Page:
|Claude Julien on Tyler Seguin: ‘As long as he’s growing and getting better, I’m going to keep supporting him’||06.16.13 at 3:05 pm ET|
Given the speed and skill that allow him to take over a hockey game at his best, it’s easy to forget that Tyler Seguin is still younger than most college seniors. While Seguin hasn’t often played the game he’s capable of in these playoffs, Bruins coach Claude Julien, impressed with his young forward’s effort in Game 2 on Saturday, reminded reporters of Seguin’s relative inexperience on Sunday.
“He’s only a 21-year-old kid – this is his third year,” Julien said. “Sometimes patience doesn’t mean just for one year. Patience means a little more than a year. As long as he’s growing and getting better, I’m going to keep supporting him.”
Despite receiving a rogue fourth-place vote for the Selke trophy as the league’s best defensive forward this year, defense has not been a hallmark of Seguin’s game through the first three years of his career. In Game 2, though, he made a few plays of which Patrice Bergeron might have been proud, forcing turnovers and breaking up Blackhawks plays.
More notably, Seguin was alert enough to take advantage of a failed breakout pass in overtime on Sunday, setting Daniel Paille up with all kinds of space to score the game-winner. Seguin was skating with Paille and Chris Kelly, a line that accounted for both of the Bruins’ Game 2 goals, making perhaps his biggest contribution of the postseason in a bottom-six role.
True, one game won’t change the perception that Seguin doesn’t quite meet his potential in the playoffs. This year, he has one goal and five assists through 18 games. That’s in line with his numbers from 2011, when he saw limited time: three goals and four assists through 13 games.
|Morning skate notes: Andrew Shaw throws fit and we should all dwell on the fact that somebody gave Tyler Seguin a Selke vote||06.15.13 at 2:08 pm ET|
– It was tough to tell what the lines will be given that Jaromir Jagr was not on the ice, as he commonly abstains from morning skate. Because Jagr wasn’t out there, Tyler Seguin skated in Jagr’s place on Patrice Bergeron‘s line. That’s interesting because when Jagr has missed skates in the past, the team has put a healthy scratch, such as Carl Soderberg, in his place and kept the other lines the same. Perhaps Claude Julien saw enough in Seguin in Game 1 to put him back in the top six mix. Seguin has just one goal this postseason.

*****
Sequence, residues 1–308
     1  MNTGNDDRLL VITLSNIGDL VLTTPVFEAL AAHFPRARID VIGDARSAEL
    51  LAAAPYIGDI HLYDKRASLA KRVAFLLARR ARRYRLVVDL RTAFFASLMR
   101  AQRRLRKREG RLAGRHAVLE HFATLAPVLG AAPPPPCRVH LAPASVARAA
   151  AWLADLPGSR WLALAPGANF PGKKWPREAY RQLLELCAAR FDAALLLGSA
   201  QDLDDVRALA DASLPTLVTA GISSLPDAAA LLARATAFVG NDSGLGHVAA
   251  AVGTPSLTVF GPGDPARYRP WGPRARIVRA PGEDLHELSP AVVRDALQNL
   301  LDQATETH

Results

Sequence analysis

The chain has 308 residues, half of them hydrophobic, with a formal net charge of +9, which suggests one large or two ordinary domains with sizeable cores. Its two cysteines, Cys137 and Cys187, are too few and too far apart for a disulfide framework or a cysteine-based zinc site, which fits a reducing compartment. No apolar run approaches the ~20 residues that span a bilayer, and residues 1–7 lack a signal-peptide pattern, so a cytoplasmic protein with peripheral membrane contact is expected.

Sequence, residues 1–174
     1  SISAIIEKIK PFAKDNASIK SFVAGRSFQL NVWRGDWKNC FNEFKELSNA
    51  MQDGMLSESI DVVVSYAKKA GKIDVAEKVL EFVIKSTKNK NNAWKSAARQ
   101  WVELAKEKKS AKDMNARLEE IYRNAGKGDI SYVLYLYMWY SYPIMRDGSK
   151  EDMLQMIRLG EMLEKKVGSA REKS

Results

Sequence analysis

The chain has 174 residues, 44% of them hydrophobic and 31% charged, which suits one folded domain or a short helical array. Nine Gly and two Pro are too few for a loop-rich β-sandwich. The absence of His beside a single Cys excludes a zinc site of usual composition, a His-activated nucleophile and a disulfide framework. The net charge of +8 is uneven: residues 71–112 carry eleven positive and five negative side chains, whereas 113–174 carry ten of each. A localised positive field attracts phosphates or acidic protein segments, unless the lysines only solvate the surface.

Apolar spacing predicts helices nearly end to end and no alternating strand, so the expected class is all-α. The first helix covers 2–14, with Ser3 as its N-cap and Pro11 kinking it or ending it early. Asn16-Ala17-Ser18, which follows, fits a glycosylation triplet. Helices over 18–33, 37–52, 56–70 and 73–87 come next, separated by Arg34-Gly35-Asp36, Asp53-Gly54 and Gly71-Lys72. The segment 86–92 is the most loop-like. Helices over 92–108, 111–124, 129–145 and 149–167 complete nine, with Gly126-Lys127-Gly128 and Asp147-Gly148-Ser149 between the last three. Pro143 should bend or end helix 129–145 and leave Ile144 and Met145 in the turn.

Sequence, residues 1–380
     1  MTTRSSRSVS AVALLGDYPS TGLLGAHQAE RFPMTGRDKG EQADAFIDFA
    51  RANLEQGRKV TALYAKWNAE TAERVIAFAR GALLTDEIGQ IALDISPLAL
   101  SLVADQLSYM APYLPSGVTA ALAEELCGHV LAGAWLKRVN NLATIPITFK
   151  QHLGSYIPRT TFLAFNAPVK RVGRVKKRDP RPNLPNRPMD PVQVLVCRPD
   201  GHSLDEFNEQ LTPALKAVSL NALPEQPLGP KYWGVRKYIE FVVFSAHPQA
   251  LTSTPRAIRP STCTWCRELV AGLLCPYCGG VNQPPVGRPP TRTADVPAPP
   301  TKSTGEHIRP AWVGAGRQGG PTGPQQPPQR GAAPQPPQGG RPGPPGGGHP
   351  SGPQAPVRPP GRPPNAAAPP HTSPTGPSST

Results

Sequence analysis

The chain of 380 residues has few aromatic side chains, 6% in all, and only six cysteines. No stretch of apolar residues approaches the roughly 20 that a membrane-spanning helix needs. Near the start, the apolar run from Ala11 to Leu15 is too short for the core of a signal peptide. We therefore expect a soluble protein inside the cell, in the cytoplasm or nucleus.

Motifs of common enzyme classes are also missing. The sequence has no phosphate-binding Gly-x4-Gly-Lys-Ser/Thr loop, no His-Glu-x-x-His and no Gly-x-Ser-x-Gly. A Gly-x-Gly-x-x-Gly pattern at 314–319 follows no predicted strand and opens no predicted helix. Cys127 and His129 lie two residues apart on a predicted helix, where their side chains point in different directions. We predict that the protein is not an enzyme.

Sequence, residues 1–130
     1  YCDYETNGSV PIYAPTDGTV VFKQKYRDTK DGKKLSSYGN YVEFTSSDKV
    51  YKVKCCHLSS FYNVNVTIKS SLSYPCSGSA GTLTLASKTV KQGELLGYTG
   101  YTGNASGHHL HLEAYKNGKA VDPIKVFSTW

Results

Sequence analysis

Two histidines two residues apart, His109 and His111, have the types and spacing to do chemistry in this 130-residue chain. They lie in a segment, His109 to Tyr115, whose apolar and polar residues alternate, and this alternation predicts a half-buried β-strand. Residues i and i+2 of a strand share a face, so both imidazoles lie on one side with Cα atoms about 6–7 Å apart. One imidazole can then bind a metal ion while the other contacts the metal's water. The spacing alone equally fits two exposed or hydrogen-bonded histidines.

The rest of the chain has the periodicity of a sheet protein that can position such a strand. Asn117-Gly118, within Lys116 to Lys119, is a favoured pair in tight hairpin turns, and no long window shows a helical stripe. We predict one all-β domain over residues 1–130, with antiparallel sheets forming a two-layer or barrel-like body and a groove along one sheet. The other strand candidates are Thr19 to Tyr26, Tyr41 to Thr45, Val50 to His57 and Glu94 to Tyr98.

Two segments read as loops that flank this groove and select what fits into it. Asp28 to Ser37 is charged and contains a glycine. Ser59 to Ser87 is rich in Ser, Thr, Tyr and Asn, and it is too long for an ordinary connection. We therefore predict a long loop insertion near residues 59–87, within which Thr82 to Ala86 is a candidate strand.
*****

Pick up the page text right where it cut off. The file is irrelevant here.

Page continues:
– Speaking of Seguin, No. 19 was amused by the fact that he received a fourth-place vote for the Selke trophy. The Selke is given to “the forward who best excels in the defensive aspects of the game,” which Seguin, um, is not. Seguin is known for his elite offensive skill and skating, but he is one of the Bruins’ worst defensive players. He was surprised to see that somebody voted for him (it’s decided by the Pro Hockey Writers’ Association), and with three points, he was second among Bruins players in Selke voting (Bergeron had 1250). That means Seguin had more points than friend and actual good two-way forward Brad Marchand, which Seguin found entertaining.
– Andrew Shaw had an uncomfortable temper tantrum during the Blackhawks’ media availability. Because Patrick Kane‘s stall is next to his in the Blackhawks’ dressing room, Shaw had difficulty to access his stall given the media crowd. That prompted Shaw to kick a trash barrel across the room. Blackhawks PR calmed Shaw down in the corner away from the area.
– A reporter who may have been unfamiliar with Jagr’s tendency to miss morning skates asked Julien if Jagr was alright, to which Julien responded, “he’s 100 percent. He’s 41.”
|Pierre McGuire on M&M: Bruins ‘played with the heart of a champion’||06.13.13 at 8:08 pm ET|
NBC hockey analyst Pierre McGuire joined Mut & Merloni on Thursday afternoon to discuss Wednesday’s Game 1 of the Stanley Cup finals and the ramifications of the Bruins’ marathon loss going forward.
Sure, the 4-3, triple-overtime loss was disappointing, McGuire said, but the Bruins don’t have much reason to be down on themselves going into Saturday’s Game 2.
‘Boston played with the heart of a champion, and I don’t expect it to be anything different [the rest of the series]. It could be a long, hard series,’ McGuire said. ‘I saw so many positive things from the Bruins. I saw a lot of positive things from the Blackhawks. These are the two best teams. There’s no Cinderella here. Both of these teams deserve to be in the Stanley Cup final.’
What will be interesting is when the series shifts back to Boston for Game 3 Monday and the Bruins get the last line change before the game time. McGuire suspects Claude Julien will match up Patrice Bergeron‘s line with that of Jonathan Toews, and David Krejci‘s unit with Michal Handzus.
Speaking of Bergeron’s line, McGuire also said Tyler Seguin is a likely candidate to play with Krejci and Milan Lucic should Nathan Horton be unable to play. Horton left Game 1 during the first overtime and did not return.